California Becomes 1st State to Mandate Solar for All New Homes

The unanimous action finalizes a previous vote by the Energy Commission and fulfills a decade-old goal to make the state reliant on cleaner energy.

California became the first state in the nation to require homes built in 2020 and later be solar powered, following a vote by the Building Standards Commission.

solar powered homes

The unanimous action finalizes a previous vote by the Energy Commission and fulfills a decade-old goal to make the state reliant on cleaner energy.

Commenting on the development, a Structural Engineer and one of six building standards Commissioners, Kent Sasaki said, “These provisions really are historic and will be a beacon of light for the rest of the country.”

“(It’s) the beginning of substantial improvement in how we produce energy and reduce the consumption of fossil fuels,” Sasaki added.

While nobody spoke in opposition this time, the commission received about 300 letters opposing the mandate because of the added cost, the Orange County Register reported.

Energy officials estimated the provisions will add USD 10,000 to the cost of building a single-family home — about USD 8,400 from adding solar and about USD 1,500 for making homes more energy-efficient. But those costs would be offset by lower utility bills over the 30-year lifespan of the solar panels, officials said.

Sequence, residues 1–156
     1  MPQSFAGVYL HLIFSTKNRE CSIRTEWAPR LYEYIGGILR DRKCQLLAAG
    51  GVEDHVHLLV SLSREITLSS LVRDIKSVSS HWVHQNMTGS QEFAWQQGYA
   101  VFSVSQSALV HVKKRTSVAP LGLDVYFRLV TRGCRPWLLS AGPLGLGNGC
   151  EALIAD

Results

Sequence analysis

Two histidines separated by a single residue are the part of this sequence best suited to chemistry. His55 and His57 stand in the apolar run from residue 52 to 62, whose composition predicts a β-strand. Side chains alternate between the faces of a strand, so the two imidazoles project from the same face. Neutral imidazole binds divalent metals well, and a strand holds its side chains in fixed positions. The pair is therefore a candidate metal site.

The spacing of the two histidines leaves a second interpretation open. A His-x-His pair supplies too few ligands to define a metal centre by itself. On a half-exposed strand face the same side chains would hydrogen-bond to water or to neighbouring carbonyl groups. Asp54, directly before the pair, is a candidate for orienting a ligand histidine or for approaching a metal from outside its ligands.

One commission member worried the mandate would make it harder for California wildfire victims to rebuild. But supporters assured him that won’t be a problem, according to the newspaper.

Homeowners will have two options that eliminate upfront costs of adding solar: leasing the solar panels or signing a power purchase agreement that pays for the electricity without buying the panels, said Drew Bohan, executive director of the energy commission.

One solar-industry representative said the net savings from adding solar power will be around USD 40 a month or nearly USD 500 a year.

“These standards won’t necessarily make homes more expensive to buy. What they will do is save money on utility costs,” said Pierre Delforge, a Senior Scientist with the Natural Resources Defense Council. “This is not only the right thing to do for the climate, it is financially smart.”

Homebuilders have been preparing for years to meet a proposed requirement that all new homes be “net-zero,” meaning they would produce enough solar power to offset all electricity and natural gas consumed over the course of a year.

Source: The Associated Press

"Want to be featured here or have news to share? Write to info[at]saurenergy.com
Manu Tayal

Manu Tayal

Manu is an Associate Editor at Saur Energy International where she writes and edits clean & green energy news, featured articles and interview industry veterans with a special focus on solar, wind and financial segments.

      SUBSCRIBE NEWS LETTER
Scroll